Five things we learned from the Miami Heat’s 115-104 victory over the Los Angeles Lakers in Game 3 of the 2020 Finals Sunday in the Orlando bubble:
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1. It’s time to overestimate Jimmy Butler
Because, clearly, underestimating him isn’t working. The Miami Heat’s supremely confident All-Star wing authored one of the best performances in Finals history — 40 points, 11 rebounds, 13 assists, 14-of-20 shooting — and his team needed nearly every bit of it to stave off the dreaded 0-3 plight. (The NBA should maybe consider a “slaughter rule” of declaring a winner in any best-of-seven series that starts out 3-0, since nobody, ever, has survived that. But we digress.)
What must the Chicago Bulls, Minnesota Timberwolves and Philadelphia 76ers be thinking today? None of those three was willing to flip the reins on the court or in the locker room to Butler.
The Bulls never really got past drafting Butler with the last pick of the first round in 2011, not when No. 1 Derrick Rose was around, not when they brought in creaky Dwyane Wade and Rajon Rondo to surround him in 2016.
In Minnesota, Butler couldn’t accept being a tutor to Karl-Anthony Towns and Andrew Wiggins, not with their spotty efforts, inconsistency and fatter paychecks. So Wolves management freaked when Butler went unprofessional and quit on their team.
With Philadelphia, Butler was destined for third option status again behind Joel Embiid and Ben Simmons. He channeled his dislike by upping his brashness, unnerving coach Brett Brown, reportedly chafing with Simmons (another underperforming “savior”) and making Tobias Harris look like the more appropriate No. 3.
Funny how things change. The decision-makers in Chicago and Minnesota are gone, Brown is gone too, all three teams are poking at reset buttons … and Butler is the talk of the NBA for being and doing exactly what those teams didn’t trust (or pay) him to do.
So how to assess Butler? On paper, he still doesn’t merit the “superstar” label. He never has finished higher than All-NBA third team, he doesn’t finish near the top in most statistical categories and even his five All-Star selections got a stain when he begged out of the 2018 game too late to replace him with someone eager to play.
But Butler and the Heat fit each other. He’s the unquestioned leader, he gets the ball when he wants it and nobody on the roster makes within $12 million of his $32.7 million.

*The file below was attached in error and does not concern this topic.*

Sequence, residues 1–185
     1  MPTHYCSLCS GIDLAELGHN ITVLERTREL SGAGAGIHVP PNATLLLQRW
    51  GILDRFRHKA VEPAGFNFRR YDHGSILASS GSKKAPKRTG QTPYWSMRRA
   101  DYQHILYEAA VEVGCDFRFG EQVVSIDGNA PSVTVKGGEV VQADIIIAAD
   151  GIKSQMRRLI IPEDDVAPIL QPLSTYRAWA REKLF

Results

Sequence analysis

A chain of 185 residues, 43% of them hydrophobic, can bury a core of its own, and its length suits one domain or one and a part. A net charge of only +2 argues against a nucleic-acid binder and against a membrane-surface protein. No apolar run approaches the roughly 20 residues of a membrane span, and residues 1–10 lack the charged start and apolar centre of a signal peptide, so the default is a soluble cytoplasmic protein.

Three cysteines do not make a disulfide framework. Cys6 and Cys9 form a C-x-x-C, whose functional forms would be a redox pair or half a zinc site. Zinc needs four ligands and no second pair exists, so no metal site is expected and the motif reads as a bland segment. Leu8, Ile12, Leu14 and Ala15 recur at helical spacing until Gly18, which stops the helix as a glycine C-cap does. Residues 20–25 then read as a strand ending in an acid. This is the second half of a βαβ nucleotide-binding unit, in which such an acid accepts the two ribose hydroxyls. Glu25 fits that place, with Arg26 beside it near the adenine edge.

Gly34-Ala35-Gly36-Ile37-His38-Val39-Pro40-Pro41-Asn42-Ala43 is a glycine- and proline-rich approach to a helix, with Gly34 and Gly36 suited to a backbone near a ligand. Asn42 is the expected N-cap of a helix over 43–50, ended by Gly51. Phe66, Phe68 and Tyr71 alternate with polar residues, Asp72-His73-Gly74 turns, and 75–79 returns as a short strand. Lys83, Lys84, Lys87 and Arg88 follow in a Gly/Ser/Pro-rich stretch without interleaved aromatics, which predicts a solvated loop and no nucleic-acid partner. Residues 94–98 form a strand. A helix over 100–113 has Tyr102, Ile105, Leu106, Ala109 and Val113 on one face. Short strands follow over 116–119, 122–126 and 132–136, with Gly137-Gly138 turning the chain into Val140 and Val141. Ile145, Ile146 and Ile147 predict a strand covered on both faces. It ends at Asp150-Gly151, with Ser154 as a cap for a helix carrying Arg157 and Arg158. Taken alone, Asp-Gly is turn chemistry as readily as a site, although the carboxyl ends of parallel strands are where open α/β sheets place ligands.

In Game 3, Butler became the first player (foe or teammate) to have more points, rebounds and assists in a Finals game in which LeBron James also played. He scored or assisted on 73 of Miami’s points, tied for second-most in a Finals game (Knicks Hall of Famer Walt Frazier had 74 in Game 7, 1970).
And when Butler said he hoped he goes scoreless in a Game 4 victory just to show how little personal stats mean to him, he sounded sincere. “I’m glad my teammates got a lot of trust and faith in me to go out there and hoop like that,” said Butler, who figures to see more traps and double-teams in Game 4. “But like I always say, you guarantee me a win, I could care less.”
Still, Butler joined James (2015) and The Logo Jerry West (1969) as the only players to post 40-point triple-doubles in a Finals game. And only one of those three did it while winning the game.
The Bulls, Wolves and Sixers can take solace, though, in shedding such a disruptor.
2. Anthony Davis won’t be the MVP
Through the first two games at least, and driven somewhat by boredom, a debate raged over which of the Lakers’ two superstars would take home the Bill Russell Finals MVP trophy once the confetti stopped falling.
From that tie for first place, Davis now ranks third with Game 3 in the books.
After averaging 33 points and 11.5 rebounds while posting a plus-36 rating in L.A.’s two victories, Davis went belly-up Sunday. He scored 15 points, grabbed five rebounds and was a minus-26. (For comparison, James was minus-4 and the Lakers’ bench guys — even J.R. Smith — were in the black.)
Yes, Davis got in early foul trouble, not all of them worth the predicament they caused. But his stats weren’t down because he got and stayed yanked — he still played 33 minutes. Coach Frank Vogel was hoping his talented big man could find some rhythm in spite of the fouls, but what he got instead was a passive performance.
“It takes away the aggressiveness on both ends of the floor that I’m used to playing with,” Davis said, “and those guys like to take charges or whatever, and you know, try to draw offensive fouls.”
Miami outscored the Lakers in the paint, 52-34. Davis’ team shot more 3-pointers (42) than 2-pointers (37). Neither are ingredients in the West champs’ winning formula.